Avishay Braverman celebrated his 60th birthday in January. Finance Minister Ronnie Bar-On was 60 on June 2. Yossi Beilin, who turned 60 last Thursday, celebrated with a lot of past and present political friends and colleagues, including his mentor Shimon Peres, his good friend Avraham Burg, and Knesset Speaker Dalia Itzik.
Yaacov Litzman will be 60 in September, and Interior Minister Meir Sheetrit will mark his milestone on October 10. Although it is known that Transportation Minister Shaul Mofaz was born in 1948 as well, the precise date remains classified.
MEMBERS OF the International Women's Club will have several reunions this summer with visits by former members Sheila Kurtzer from the US, Bella Russ from Guatemala and Helena Jarc from Slovenia.
Kurtzer and Russ each have relatives living in Israel, and Kurtzer has visited several times since her husband, former US ambassador Daniel Kurtzer, completed his tour of duty three years ago.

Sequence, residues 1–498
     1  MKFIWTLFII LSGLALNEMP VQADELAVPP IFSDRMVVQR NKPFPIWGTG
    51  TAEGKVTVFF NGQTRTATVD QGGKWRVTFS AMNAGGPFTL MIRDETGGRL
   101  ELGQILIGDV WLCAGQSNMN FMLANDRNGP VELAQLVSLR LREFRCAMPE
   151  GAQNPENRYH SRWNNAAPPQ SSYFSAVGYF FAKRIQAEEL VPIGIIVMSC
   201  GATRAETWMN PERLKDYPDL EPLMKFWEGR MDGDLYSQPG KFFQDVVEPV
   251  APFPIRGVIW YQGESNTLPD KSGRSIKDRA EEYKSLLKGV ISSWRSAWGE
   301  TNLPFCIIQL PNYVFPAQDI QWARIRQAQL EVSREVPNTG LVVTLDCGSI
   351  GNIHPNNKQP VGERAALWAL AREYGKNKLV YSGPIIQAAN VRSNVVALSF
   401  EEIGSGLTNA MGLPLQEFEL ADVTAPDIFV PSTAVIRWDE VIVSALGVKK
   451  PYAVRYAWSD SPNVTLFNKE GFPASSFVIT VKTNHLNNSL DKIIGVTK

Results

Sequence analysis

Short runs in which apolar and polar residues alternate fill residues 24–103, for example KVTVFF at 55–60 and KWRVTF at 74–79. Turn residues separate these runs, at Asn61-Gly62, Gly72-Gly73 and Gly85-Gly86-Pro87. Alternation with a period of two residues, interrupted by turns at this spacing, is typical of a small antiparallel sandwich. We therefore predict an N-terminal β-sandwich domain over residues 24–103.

In fact, they've both been here quite often, and this time it will be for a longer stretch because Daniel Kurtzer is in Israel to promote his new book, Negotiating Arab-Israeli Peace: American Leadership in the Middle East, on which he will be delivering a lecture at Tel Aviv University on June 25.
But he will be back for even longer next year, as he will be teaching at the Interdisciplinary Center (IDC) Herzliya in the next academic year (2008-2009). Kurtzer has signed on to lecture on US Foreign Policy in the Middle East as part of the Lauder School of Government's M.A. program in Government. He will also take part in an array of events held by the school.
WHILE CERTAIN rabbis make life difficult for would-be converts, Jews in general are quick to claim anyone with two drops of Jewish blood as their own. Thus there will be a double blessing next week in the two drops category when French President Nicolas Sarkozy arrives in Israel with his wife, Carla Bruni.
Sarkozy's great-great-grandfather on his mother's side was Aaron Mallah, founder of the Rabbinical School of Thassaloniki. Bruni's paternal grandfather was Jewish, and Sarkozy's former wife, Cecilia MarÃa Sara Isabel Ciganer-AlbÃ©niz, is believed to be of Jewish background on her father's side.